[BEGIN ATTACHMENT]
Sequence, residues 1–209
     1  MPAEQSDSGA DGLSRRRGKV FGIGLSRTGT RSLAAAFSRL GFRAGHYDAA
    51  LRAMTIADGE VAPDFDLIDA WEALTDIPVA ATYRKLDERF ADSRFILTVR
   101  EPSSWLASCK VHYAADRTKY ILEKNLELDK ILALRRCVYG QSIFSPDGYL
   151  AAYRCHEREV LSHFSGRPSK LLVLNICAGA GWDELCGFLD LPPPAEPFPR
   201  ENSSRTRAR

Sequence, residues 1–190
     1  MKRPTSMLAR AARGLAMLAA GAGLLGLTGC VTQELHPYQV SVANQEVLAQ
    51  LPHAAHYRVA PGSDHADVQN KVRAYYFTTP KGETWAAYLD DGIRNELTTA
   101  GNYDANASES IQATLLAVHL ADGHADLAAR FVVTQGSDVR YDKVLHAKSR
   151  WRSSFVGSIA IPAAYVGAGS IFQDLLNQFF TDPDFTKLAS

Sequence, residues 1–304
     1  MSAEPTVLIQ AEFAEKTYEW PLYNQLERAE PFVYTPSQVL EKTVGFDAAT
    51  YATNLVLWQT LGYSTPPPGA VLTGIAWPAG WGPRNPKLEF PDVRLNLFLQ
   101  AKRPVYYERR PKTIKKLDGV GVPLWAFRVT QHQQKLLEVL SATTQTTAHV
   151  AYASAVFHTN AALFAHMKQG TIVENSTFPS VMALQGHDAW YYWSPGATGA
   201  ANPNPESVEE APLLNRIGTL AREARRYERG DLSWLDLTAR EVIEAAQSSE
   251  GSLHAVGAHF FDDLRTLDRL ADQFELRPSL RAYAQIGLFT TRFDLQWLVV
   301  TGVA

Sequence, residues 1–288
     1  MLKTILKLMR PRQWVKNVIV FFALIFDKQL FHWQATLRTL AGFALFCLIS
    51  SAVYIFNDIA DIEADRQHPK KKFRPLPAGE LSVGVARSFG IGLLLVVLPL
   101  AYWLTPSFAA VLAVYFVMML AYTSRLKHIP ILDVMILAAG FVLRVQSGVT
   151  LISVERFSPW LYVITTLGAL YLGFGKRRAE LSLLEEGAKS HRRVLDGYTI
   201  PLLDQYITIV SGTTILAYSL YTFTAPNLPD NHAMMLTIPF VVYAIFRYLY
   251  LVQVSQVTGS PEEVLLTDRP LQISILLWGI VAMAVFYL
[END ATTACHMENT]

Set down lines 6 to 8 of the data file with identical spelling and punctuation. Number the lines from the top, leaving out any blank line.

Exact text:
   201  ENSSRTRAR

Sequence, residues 1–190
     1  MKRPTSMLAR AARGLAMLAA GAGLLGLTGC VTQELHPYQV SVANQEVLAQ